Retaining an expert witness is expensive and may not be necessary in every case. Don’t try to keep up with the Jones & Jones firm: Just because the other side has an expert or because experts have traditionally been used in similar cases doesn’t mean you need one. And if you decide you do need an expert, make sure it’s the best type for your case.
A handy way to help decide whether an expert is needed is to analyze the pertinent jury instructions. Try to determine the respective burdens of proof as required by CACI 200—once the elements of each party’s burden are succinctly stated, it’s generally apparent whether one or more of those elements “is sufficiently beyond common experience that the opinion of an expert would assist the trier of fact.” Evid C §801(a).
Campbell v General Motors Corp. (1982) 32 C3d 112, 124 provides a helpful example: The appellate court held that the jury, without expert testimony, was capable of deciding whether a bus was defectively designed because it lacked any grip within reach of the plaintiff’s seat, from which she fell when the bus turned. In so holding, the appellate court reversed a nonsuit that had been entered in the bus manufacturer’s favor because of plaintiff’s failure to call a design expert. Campbell teaches a twofold lesson:
- Counsel shouldn’t automatically hire an expert just because technical matters are involved; and
- In borderline situations, the savings produced by not calling an expert are often offset by the expense and delay of a protracted appeal.
When there are matters beyond common experience and you decide to bring an expert on board, make sure to give serious consideration to the exact kind of expert or type of expertise that you need.
Here’s an example: You represent a plaintiff who has suffered greater injuries than are usually encountered in a relatively low-speed, rear-end car accident when the seat back or head restraint fails. You need to find an expert who can account for the enhanced injuries. At first it might seem that using a doctor who specializes in the particular injury suffered would be enough. But to bring a products liability case against the car manufacturer, you’ll need expertise not just in the diagnosis and treatment of back and neck injuries, but also in the causative mechanisms that can produce more extensive injuries. Most orthopedists and neurologists won’t have the engineering background to offer expert testimony on that causative link, just as most engineers lack medical training. To bridge this interdisciplinary gap, consider retaining a biomechanic, who has the requisite skills and training to offer expert opinion on the effects of various physical forces on the human anatomy.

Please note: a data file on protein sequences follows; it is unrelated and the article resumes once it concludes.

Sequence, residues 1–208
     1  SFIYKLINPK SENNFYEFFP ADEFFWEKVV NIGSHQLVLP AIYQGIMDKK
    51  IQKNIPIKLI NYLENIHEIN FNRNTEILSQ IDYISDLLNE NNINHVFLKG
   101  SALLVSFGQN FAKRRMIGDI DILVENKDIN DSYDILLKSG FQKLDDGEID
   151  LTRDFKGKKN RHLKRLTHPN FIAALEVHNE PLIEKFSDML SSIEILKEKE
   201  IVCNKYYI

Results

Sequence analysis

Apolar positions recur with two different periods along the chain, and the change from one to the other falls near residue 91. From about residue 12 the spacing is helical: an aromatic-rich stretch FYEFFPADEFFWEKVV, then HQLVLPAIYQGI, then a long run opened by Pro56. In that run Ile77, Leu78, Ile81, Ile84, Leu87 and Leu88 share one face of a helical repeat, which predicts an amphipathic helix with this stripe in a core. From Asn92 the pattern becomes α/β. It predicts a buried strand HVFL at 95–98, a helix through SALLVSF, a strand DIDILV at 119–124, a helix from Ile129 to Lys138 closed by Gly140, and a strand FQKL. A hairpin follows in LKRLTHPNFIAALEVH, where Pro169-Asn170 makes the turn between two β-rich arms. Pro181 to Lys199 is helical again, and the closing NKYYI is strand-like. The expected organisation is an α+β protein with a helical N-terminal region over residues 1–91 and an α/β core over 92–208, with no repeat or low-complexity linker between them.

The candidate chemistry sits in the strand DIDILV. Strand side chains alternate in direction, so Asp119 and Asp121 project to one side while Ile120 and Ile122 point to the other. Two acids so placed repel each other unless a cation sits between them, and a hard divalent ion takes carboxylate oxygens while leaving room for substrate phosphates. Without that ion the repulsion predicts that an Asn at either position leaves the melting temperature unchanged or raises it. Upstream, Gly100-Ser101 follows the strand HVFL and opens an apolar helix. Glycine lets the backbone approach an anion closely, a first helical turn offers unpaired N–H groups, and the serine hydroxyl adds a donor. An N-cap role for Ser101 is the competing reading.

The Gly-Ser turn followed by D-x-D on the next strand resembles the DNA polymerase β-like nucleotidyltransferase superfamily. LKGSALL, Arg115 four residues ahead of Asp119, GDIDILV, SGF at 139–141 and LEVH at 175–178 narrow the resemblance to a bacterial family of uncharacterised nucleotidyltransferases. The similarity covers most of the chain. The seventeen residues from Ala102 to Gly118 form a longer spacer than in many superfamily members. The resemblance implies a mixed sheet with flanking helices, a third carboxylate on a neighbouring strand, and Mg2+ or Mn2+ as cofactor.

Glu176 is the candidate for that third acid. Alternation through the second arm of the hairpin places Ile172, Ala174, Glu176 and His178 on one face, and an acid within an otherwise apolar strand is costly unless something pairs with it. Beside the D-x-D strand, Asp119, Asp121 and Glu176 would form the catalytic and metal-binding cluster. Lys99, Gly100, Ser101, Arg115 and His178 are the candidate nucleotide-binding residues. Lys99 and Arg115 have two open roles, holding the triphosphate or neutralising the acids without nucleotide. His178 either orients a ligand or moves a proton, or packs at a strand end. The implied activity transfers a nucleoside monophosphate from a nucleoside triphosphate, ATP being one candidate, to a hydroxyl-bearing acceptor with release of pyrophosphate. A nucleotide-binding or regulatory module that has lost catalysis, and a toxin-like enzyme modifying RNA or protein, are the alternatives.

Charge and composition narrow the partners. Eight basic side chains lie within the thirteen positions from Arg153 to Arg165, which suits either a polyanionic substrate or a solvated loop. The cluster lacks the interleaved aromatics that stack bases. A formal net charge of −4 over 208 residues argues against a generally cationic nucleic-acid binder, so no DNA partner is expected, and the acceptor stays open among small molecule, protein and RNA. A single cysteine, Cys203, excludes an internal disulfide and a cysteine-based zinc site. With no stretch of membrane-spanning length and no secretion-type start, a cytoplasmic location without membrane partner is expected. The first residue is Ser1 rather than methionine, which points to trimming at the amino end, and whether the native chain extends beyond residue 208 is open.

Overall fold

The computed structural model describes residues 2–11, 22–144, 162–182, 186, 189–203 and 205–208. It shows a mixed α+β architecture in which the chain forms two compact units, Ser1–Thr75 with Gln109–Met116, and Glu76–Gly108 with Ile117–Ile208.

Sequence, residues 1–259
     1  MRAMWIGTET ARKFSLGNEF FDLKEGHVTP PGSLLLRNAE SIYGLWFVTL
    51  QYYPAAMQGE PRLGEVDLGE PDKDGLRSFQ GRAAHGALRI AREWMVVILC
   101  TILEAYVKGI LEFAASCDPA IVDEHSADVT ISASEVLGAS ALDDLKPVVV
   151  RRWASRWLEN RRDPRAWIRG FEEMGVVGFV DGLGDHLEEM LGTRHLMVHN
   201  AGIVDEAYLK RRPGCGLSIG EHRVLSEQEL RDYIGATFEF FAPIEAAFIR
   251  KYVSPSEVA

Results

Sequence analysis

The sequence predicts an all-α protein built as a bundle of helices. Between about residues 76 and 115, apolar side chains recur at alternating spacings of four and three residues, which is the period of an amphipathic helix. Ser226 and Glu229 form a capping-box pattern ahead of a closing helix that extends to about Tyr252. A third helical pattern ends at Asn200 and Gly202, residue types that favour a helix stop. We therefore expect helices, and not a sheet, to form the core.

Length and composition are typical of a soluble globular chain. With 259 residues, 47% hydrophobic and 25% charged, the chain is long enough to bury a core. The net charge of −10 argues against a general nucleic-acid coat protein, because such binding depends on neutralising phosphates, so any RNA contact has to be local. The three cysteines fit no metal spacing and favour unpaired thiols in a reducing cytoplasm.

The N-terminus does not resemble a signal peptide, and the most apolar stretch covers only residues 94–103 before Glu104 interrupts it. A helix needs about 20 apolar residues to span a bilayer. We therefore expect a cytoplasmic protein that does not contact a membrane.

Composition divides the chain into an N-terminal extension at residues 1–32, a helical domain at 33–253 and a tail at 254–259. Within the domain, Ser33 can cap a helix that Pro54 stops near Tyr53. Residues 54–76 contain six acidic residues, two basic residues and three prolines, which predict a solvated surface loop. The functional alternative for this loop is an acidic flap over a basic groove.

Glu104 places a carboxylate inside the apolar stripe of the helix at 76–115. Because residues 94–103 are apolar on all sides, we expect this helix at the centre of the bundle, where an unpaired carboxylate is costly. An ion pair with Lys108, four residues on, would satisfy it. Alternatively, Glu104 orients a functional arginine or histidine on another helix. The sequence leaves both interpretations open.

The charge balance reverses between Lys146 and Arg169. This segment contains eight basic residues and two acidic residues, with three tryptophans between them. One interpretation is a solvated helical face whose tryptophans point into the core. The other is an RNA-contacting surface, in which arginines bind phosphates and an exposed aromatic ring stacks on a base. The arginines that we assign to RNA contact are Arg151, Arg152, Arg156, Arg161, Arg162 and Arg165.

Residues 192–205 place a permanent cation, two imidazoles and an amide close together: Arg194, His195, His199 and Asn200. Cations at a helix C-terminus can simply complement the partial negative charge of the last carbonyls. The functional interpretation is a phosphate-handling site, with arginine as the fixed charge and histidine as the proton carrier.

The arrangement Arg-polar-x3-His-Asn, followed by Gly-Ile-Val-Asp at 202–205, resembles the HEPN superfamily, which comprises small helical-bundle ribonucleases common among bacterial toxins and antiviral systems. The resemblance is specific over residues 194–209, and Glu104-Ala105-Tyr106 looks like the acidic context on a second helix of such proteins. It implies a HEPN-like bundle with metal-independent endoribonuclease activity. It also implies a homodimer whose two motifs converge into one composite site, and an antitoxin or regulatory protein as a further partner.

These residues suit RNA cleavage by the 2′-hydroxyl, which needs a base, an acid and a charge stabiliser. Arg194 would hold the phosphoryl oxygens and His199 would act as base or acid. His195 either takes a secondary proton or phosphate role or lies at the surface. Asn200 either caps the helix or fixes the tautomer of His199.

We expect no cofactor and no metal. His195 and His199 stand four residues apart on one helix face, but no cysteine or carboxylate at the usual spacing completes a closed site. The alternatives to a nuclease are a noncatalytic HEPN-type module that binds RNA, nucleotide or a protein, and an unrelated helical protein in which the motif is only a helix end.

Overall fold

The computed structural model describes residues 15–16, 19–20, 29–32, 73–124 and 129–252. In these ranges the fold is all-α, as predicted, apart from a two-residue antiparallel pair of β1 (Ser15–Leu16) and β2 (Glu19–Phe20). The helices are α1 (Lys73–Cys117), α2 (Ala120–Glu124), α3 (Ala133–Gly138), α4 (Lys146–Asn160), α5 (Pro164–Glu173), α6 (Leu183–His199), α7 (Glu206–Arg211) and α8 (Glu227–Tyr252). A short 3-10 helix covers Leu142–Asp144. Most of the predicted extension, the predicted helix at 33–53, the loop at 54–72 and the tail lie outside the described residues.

A few hours spent in case analysis, discussion with practitioners experienced in the area, and background reading to pinpoint the exact kind of expertise required, can save countless dollars, wasted hours, and untold grief later in the proceedings. And on the flip side, failure to retain the right kind of expert creates the risk of a nonsuit for not establishing a prima facie case at trial, and possibly even a legal malpractice action for breach of duty to retain a particular type of expert.
Before you choose an expert, review the types of experts and where to locate them in CEB’s California Expert Witness Guide, chaps 6-7.
Other CEBblog™ posts you may find useful:
- Choosing an Expert Witness: Insider or Outsider?
- 10 Tips for Choosing the Best Expert Witness
- Expert Advice: An Expert’s Tips on What to Look for in an Expert Witness
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